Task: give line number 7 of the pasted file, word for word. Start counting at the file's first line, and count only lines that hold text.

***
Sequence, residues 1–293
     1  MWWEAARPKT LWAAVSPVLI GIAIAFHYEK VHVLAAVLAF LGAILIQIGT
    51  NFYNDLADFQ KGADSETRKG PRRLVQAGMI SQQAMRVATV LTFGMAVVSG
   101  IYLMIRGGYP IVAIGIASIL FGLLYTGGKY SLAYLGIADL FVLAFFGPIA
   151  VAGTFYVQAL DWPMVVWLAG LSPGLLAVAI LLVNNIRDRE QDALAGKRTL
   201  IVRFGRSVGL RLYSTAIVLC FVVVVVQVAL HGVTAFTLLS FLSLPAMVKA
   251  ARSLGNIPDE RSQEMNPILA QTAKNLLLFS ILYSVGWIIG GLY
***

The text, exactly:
   251  ARSLGNIPDE RSQEMNPILA QTAKNLLLFS ILYSVGWIIG GLY